Tips Concerning Wetsuits During A Triathlon Race

by Low Jeremy - Date: 2007-04-09 - Word Count: 724 Share This!

Wet suits are typically a personal choice in Triathlon competitions unless you are a member of a team that mandates a definite type of suits. Nevertheless, triathlon as a whole is an individual sport which allows participants to choose their personal gears, equipments and suits.

The major gears aside, the wet suit plays one of the major roles in helping you win or lose the game. Sometimes, it creates the make or break momentum. The mile you have earned during the swim period may be lost only because your wet suit failed you.

The best wet suits are those that fit snugly into the athlete's body. This may sound easy yet the differences are told by the unique body build the racer has. People are often fooled by the impression that the wet suit does not fit correctly when all the while, it has the proper fit saying "the suit is too tight'.

Proper fitting can't actually be given by standard measures. However, the general rule of thumb dictates that there must never be any leaks in regions covering the neck, arms and the feet. While most wet suits work on the principle of trapping enough layer of water between the skin and the neoprene (which by the way is the typical choice of material among racers), the space must not still allow a constant flow of water.

The fit tells it all. Most racers in the triathlon don't get the advantages of wet suits because either the suit doesn't fit well or they don't wear it right.

When wearing your wet suit, on practice or during the competition, it is best that you leave your socks on. This will act as a lubricant for the entrance of your feet on the holes of your suit. To prevent your toenails from snagging or stretching the neoprene, a very delicate material, you can use non-petroleum products to make the removal easier during the transition stage.

Be sure that the crotch fits snugly as this may tell the difference. Without its proper placement, the upper part of the wet suit may fit poorly. Once you are comfortable with the pants, the next thing you would want to do is to secure the upper suit. It is just a matter of pulling it and sliding your arms into the holes.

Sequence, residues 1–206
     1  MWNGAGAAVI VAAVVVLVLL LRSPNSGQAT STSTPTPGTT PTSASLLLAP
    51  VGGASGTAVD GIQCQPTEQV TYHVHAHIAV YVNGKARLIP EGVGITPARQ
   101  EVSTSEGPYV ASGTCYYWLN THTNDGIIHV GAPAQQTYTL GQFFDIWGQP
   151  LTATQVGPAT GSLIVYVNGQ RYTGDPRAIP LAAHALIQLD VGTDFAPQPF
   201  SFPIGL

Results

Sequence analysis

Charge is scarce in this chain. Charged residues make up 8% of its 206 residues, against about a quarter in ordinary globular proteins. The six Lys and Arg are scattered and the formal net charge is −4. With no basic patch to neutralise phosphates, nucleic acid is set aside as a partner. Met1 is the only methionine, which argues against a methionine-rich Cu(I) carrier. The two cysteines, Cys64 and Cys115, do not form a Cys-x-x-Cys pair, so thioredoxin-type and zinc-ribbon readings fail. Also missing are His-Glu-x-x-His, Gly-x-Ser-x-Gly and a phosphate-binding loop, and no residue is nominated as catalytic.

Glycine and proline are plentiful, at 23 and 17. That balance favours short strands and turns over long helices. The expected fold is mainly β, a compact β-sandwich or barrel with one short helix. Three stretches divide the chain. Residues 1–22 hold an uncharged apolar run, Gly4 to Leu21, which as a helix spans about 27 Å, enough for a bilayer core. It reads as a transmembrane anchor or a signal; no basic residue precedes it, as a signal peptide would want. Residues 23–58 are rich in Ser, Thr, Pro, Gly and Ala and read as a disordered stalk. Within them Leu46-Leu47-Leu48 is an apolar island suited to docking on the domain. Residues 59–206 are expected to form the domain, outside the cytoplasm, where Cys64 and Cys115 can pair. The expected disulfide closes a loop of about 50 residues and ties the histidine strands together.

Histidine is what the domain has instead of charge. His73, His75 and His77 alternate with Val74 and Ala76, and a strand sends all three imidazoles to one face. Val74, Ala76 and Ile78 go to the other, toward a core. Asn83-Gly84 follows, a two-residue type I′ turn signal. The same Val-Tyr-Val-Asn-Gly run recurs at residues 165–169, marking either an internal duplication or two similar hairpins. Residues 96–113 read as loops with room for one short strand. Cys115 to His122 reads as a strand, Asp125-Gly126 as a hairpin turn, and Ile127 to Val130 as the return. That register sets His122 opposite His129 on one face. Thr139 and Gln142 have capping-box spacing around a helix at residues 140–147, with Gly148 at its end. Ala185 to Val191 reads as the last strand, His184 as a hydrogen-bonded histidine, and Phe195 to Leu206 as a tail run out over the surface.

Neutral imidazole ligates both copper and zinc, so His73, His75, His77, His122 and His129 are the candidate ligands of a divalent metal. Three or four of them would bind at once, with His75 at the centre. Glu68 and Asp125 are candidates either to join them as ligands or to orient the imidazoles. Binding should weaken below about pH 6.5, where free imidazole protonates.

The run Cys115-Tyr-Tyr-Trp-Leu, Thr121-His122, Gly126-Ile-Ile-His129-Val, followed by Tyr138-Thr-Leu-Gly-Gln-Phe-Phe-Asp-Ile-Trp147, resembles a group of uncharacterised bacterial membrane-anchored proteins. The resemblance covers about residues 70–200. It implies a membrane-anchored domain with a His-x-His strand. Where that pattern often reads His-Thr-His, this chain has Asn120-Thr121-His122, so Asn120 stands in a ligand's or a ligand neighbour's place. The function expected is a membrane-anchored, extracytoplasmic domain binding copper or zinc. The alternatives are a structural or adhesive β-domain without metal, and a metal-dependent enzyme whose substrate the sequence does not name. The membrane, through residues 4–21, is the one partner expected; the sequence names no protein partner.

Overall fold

If you are using a full wet suit, you must secure to it that there is no space between your armpit and the neoprene. Wetsuits are critical during the race. If they aren't perfectly donned, they can create true differences. In most cases, they restrict your from moving freely just because the lower suit pulls the top from its proper place. Wetsuits are designed to be pulled easily into and out from your body, especially when you and the suit are wet.

It is best to leave your socks on if you are to wear the wetsuit. This will prevent the material from stretching due to pulling from your toes. Pull the bottom of the pants further until the crotch is snugly fit. This junction is critical so please do it carefully. If you are using a full-length wetsuit, you have to ensure that the dividing section between the lower and upper parts are placed on their respective positions.

Afterwhich, drive your arms into the armholes. Secure to it that the space between your armpit and the suit is just enough to let you move if you are using full suits. If however, you prefer to use Long Johns, you would no longer be bothered with the sleeves. Now the question arises, which works better, Full Suits or Long Johns?

If it is the advantage of speed that you like, you can turn to full suits. These work well for more experienced swimmers who can produce long but lesser strokes since full suits help conserve energy by cutting the water easier. Long Johns however, leave your arms free which can better help facilitate higher stroke counts. These also provide the feel of water.

If you have practiced enough, it is possible for you to wear or remove your wetsuit in less that 10 seconds during the race. After all, triathlon wet suits are designed to be taken in and off quickly. But whatever you do, never sit down while taking it off. This will add 5 seconds or more on your transition time.

Related Tags: triathlon, biking, running, running tips, swimming, triathlon tips, wetsuits tips, swimming tips

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